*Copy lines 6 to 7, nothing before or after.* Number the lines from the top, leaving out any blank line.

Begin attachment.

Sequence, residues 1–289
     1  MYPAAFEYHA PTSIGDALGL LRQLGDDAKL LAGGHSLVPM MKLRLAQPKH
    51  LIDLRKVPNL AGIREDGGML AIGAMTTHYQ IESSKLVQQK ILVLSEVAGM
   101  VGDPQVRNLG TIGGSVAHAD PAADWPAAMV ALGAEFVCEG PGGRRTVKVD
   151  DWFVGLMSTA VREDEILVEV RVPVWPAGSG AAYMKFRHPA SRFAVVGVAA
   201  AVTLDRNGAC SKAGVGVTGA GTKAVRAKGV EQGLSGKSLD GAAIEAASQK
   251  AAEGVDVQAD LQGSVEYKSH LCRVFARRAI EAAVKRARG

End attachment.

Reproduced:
   201  AVTLDRNGAC SKAGVGVTGA GTKAVRAKGV EQGLSGKSLD GAAIEAASQK
   251  AAEGVDVQAD LQGSVEYKSH LCRVFARRAI EAAVKRARG